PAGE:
The Added Benefits of Traveling

By Mikayla E. Sievers

A few weeks ago, I wrote a post about traveling. Traveling is something that opens our eyes to new ideas and ways of life. Last summer, I took a trip to Iceland. I saw lots of wonderful sights and met some marvelous people, but one person helped me pursue an academic dream I had: presenting at a university in England. I am so fortunate that I met Dr. Carrie Crisp. Dr. Crisp is a professor of ethics in Texas. She introduced me to the Oxford Symposium on Religious Studies and encouraged me to apply. I submitted my abstract and received the acceptance email the first day of this semester. I was ecstatic and thrilled to share my work with religious scholars from around the world. The Oxford Symposium on Religious Studies occurred during UI’s Dead Week.

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“They Became Known as Sikhs”

By Mikayla E. Sievers

Many people in the United States do not know about the religion Sikhism. Its followers, Sikhs, have made significant contributions to the US and have been a part of this country for decades. This religion has great perspectives to offer. I want to write about this religion because it is not always well-understood in the US. As I share my experiences with Sikhism, I want to recognize that my examination of this religion comes from my lens of growing up in a Judeo-Christian society. I was not raised Sikh, and my article does not represent all Sikhs and their respective thoughts. That said, I highly admire this religion and have close connections to some Sikhs, including my boyfriend.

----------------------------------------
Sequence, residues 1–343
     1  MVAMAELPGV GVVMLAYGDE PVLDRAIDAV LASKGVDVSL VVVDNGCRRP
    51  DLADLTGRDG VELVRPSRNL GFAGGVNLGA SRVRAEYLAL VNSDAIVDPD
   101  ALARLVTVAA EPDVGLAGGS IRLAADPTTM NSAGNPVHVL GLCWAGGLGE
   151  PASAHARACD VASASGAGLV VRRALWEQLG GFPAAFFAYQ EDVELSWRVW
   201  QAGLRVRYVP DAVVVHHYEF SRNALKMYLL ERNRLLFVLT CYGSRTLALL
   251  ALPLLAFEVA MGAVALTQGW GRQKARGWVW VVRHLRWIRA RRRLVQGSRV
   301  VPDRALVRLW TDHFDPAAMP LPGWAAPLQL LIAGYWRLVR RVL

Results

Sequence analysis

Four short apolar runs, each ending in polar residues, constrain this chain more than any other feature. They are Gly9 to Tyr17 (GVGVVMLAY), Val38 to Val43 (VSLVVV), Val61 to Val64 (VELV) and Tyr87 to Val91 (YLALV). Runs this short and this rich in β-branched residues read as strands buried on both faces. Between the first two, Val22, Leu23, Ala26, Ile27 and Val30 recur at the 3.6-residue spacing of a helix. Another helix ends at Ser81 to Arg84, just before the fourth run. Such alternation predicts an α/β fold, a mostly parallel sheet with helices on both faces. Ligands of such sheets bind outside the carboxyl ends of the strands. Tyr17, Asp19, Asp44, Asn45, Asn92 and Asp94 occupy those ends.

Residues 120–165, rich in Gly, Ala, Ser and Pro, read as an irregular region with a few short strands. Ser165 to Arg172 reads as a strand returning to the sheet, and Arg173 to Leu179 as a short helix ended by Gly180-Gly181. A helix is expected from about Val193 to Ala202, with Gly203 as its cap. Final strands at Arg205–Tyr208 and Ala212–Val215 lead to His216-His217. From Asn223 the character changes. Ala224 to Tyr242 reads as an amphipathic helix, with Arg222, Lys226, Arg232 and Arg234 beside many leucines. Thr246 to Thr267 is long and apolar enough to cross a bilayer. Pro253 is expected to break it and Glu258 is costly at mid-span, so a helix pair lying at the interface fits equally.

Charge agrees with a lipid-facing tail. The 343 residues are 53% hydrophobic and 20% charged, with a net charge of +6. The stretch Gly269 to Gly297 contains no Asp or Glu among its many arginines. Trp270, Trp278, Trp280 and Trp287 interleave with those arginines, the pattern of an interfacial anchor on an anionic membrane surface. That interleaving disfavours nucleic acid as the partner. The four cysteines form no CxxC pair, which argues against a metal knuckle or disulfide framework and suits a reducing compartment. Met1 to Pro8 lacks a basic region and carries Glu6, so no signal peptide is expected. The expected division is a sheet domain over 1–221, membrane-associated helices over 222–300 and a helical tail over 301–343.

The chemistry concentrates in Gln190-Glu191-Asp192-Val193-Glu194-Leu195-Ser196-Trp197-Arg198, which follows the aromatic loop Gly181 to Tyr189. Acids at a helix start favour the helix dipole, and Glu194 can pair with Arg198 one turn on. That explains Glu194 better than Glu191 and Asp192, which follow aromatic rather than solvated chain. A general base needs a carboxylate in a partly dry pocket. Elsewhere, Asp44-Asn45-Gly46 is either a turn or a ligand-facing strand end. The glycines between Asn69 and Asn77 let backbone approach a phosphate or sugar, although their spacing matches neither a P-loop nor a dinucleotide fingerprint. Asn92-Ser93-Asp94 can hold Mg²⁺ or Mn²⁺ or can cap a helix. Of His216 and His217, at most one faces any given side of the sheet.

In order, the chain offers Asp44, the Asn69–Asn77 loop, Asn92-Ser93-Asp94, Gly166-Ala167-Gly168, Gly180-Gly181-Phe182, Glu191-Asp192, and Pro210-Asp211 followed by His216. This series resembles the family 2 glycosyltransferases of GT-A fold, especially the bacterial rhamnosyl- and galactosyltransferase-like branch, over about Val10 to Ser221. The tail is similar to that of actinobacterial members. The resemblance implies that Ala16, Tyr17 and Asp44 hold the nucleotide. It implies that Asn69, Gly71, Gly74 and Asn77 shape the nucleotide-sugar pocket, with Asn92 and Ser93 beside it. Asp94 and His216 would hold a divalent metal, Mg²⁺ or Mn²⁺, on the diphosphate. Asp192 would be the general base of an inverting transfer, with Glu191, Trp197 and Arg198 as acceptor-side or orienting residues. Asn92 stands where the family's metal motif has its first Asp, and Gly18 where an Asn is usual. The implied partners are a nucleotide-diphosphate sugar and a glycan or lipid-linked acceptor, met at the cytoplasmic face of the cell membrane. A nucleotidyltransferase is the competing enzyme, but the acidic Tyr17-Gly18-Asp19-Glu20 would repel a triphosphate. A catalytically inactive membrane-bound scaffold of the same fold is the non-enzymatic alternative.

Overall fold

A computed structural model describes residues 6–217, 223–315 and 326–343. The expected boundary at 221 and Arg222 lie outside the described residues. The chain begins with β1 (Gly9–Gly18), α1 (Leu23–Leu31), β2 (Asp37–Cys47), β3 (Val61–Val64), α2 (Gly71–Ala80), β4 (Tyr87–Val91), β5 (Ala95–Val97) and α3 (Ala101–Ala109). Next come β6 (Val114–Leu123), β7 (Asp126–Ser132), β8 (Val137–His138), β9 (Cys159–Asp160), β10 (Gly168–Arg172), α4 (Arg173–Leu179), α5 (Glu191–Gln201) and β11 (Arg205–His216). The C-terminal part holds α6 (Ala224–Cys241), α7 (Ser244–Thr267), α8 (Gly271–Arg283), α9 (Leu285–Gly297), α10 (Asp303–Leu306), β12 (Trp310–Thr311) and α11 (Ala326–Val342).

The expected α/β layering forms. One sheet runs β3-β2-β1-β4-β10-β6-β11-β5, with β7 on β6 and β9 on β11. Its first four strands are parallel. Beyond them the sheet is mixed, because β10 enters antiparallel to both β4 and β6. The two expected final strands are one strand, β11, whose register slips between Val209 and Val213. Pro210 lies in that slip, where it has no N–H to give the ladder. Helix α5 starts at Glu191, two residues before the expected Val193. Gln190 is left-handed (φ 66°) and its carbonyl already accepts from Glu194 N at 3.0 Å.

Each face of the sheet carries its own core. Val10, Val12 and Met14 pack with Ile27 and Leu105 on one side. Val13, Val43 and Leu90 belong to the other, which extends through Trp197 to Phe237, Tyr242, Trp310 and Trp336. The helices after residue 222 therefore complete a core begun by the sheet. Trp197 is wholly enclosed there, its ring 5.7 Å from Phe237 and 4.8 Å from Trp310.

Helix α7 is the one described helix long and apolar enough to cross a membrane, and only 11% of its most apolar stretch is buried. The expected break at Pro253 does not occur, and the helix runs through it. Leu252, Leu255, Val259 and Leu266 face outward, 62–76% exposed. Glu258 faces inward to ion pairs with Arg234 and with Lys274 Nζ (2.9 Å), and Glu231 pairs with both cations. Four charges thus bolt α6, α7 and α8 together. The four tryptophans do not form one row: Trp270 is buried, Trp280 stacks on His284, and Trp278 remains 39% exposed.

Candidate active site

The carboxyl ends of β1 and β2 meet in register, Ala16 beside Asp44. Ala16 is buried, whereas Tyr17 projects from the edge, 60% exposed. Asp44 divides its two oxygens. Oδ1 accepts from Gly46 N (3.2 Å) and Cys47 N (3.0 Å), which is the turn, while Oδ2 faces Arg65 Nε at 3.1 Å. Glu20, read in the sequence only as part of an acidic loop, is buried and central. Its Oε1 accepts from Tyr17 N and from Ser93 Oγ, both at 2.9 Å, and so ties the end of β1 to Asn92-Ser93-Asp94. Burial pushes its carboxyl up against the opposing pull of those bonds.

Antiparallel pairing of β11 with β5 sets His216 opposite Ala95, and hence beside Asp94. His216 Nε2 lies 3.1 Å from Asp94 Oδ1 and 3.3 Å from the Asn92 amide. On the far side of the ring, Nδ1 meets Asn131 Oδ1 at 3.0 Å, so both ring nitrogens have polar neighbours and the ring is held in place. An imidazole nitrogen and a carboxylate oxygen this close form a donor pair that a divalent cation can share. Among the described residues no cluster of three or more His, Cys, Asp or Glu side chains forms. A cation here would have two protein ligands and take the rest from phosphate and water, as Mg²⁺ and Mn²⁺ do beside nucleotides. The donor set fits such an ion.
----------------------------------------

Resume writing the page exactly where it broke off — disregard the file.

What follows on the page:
Sikhism began over 500 years ago in a region of India called The Punjab. At this time, The Punjab faced the Mughal empire invasion, and a mix of religious principles stemming from the Hindu beliefs and Islam were practiced at that time. Continue reading ““They Became Known as Sikhs””

Join Us at the Women’s Center…

By Mikayla Sievers

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The author on top of a volcano in Iceland

During my six years at the University of Idaho, I have enjoyed the hospitality offered by the Women’s Center. The complimentary coffee and tea, couches, and library create a welcoming presence for all students, faculty, staff, and other university personnel. We are fortunate to have access to this space on campus. I wrote for the Women’s Center blog as an undergraduate student and am delighted to be editing the blog as a graduate student.

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